Up to £175,000: 0.0% 0.0%
£175,000 - £250,000: 2.0% 2.0%
£250,000 - £325,000: 5.0% 5.0%
£325,000 - £750,000: 10.0% 10.0%
£750,001 and over: 12.0% 12.0%
 
Main Residence Rates (excl. Scotland) 2019-2020 2018-2019
Up to £125,000: 0.0% 0.0%
£125,001 - £250,000: 2.0% 2.0%
£250,001 - £925,000: 5.0% 5.0%
£925,001 - £1,500,000: 10.0% 10.0%
£1,500,001 and over: 12.0% 12.0%
 
Scotland: Main Residence Rates 2019-2020 2018-2019
Up to £145,000: 0.0% 0.0%
£145,000 - £250,000: 2.0% 2.0%
£250,000 - £325,000: 5.0% 5.0%
£325,000 - £750,000: 10.0% 10.0%
£750,001 and over: 12.0% 12.0%
 
Additional Property Rates (excl. Scotland) 2019-2020 2018-2019
Up to £125,000: 3.0% 3.0%
£125,001 - £250,000: 5.0% 5.0%
£250,001 - £925,000: 8.0% 8.0%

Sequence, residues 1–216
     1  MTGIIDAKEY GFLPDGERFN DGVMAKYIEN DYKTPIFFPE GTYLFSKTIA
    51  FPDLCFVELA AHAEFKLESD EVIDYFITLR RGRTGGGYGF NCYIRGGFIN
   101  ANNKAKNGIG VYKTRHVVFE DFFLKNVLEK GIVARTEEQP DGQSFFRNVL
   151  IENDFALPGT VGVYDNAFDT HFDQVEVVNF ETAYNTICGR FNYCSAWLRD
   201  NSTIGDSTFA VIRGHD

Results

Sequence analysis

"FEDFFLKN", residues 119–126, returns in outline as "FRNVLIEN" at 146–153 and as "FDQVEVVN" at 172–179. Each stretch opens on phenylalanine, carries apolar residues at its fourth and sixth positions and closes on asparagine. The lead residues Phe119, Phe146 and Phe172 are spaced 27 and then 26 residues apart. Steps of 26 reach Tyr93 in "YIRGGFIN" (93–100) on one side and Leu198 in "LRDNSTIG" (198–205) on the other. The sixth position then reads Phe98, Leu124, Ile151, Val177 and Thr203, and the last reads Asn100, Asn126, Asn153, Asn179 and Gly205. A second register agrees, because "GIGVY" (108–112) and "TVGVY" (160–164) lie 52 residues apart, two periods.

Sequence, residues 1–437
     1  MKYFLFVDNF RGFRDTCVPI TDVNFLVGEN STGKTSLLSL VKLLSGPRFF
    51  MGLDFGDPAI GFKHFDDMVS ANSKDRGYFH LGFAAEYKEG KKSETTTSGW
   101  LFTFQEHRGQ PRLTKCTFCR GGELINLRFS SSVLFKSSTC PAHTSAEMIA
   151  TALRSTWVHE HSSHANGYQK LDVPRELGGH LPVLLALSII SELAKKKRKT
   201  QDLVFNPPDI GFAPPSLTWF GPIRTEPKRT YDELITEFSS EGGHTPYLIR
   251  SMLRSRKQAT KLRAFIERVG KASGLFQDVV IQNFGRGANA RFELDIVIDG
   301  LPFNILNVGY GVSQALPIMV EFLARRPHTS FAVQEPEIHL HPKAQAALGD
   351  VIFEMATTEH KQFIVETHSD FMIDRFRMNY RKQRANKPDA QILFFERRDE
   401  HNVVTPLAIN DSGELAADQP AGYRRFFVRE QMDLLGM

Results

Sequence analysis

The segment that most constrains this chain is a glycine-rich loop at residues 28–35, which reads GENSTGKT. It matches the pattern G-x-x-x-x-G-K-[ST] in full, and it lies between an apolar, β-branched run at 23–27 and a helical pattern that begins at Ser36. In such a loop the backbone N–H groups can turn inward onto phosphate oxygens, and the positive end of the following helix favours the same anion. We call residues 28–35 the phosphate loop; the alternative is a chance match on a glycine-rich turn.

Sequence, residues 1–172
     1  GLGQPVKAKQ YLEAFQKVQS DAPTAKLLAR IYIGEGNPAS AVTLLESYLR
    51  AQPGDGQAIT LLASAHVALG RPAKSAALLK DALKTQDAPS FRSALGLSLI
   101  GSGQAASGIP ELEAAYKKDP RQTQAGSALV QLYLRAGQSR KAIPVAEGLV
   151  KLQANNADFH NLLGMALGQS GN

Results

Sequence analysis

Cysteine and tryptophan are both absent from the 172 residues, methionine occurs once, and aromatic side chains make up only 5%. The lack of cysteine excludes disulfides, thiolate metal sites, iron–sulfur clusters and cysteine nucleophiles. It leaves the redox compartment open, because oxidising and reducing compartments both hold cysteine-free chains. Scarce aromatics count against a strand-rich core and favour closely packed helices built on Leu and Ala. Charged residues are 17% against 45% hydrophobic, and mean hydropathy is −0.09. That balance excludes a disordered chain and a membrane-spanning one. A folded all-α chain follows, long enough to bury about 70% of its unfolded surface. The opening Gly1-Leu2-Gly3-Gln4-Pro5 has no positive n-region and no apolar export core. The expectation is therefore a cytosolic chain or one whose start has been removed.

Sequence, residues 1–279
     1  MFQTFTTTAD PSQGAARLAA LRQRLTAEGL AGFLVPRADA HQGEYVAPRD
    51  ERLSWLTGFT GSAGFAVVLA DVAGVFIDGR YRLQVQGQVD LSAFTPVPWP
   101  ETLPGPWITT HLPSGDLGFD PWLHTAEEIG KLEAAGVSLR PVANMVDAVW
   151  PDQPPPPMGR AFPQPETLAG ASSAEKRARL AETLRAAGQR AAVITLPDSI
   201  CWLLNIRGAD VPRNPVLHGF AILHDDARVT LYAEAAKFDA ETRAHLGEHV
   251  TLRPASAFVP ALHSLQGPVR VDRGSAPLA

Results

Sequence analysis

£925,001 - £1,500,000: 13.0% 13.0%
£1,500,001 and over: 15.0% 15.0%
 
Scotland: Additional Property Rates 2019-2020 2018-2019
Up to £145,000: 4.0% 3.0%
£145,000 - £250,000: 6.0% 5.0%
£250,000 - £325,000: 9.0% 8.0%
£325,000 - £750,000: 14.0% 13.0%
£750,001 and over: 16.0% 15.0%



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TAX RETURNS & TAX YEARS
TAX RETURNS
WHY 5 APRIL?
Tax years for individuals run from 6 April in one year to 5 April in the next year.
Prior to the 1750's, it was normal to start the year on 25 March ('Lady Day', the 'Feast of the Annunciation').
1 January was adopted as the formal start of the year, as a result of Great Britain wishing to change from the Julian Calendar to the Gregorian Calendar.
This change required that the day following 2 September 1752 would be 14 September - a jump of 11 days.
Not wishing to be accused of 'taxation by stealth', the government of 1752 extended the 1752-1753 tax-year by 11 days to end on 5 April 1753 instead of on 25 March.